What can a physician do when maintaining the physician-patient relationship is no longer in the best interest of either the physician or the patient? While this is a common concern of physicians, there is a simple solution: Terminate the relationship. The ethics of the medical profession define the physician–patient relationship as one in which the doctor accepts ongoing responsibility for the patient’s medical care. Unfortunately, there will be some physician–patient relationships that, for whatever reason, simply do not work, and therefore it is in the best interest of the patient to terminate the relationship.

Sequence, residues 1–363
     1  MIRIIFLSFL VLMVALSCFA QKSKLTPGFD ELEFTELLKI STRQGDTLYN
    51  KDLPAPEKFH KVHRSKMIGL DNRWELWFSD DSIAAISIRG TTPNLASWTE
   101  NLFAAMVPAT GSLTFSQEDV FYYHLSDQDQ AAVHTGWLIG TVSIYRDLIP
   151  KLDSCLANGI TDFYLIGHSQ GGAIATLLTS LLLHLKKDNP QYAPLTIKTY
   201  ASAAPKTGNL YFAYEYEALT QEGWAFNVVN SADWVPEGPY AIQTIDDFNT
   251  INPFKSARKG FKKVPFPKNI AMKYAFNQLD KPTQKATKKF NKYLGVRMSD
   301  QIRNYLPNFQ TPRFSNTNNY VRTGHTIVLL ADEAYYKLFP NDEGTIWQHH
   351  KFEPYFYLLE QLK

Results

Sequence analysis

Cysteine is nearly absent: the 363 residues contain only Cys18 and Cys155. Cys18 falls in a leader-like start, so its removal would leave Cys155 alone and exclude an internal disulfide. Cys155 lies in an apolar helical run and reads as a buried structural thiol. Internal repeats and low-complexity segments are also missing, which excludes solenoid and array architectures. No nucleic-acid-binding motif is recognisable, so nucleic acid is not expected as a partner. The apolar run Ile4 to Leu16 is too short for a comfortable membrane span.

Explore this issue:January 2013
In general, a physician may legally and ethically decide not to continue treating a patient as long as the patient is not in need of immediate care and has been given a reasonable opportunity to find another provider. However, it is advisable that a letter be sent to the patient indicating that the physician-patient “contract” has been terminated. This letter should be drafted by a health care attorney so as to avoid potential legal pitfalls for the physician and the medical practice.
Grounds for Terminating the Physician-Patient Relationship
A successful physician–patient relationship must be based on mutual trust and effective communication. When these elements break down, it is likely in both parties’ interests to terminate the relationship. Common reasons for terminating the physician-patient relationship include: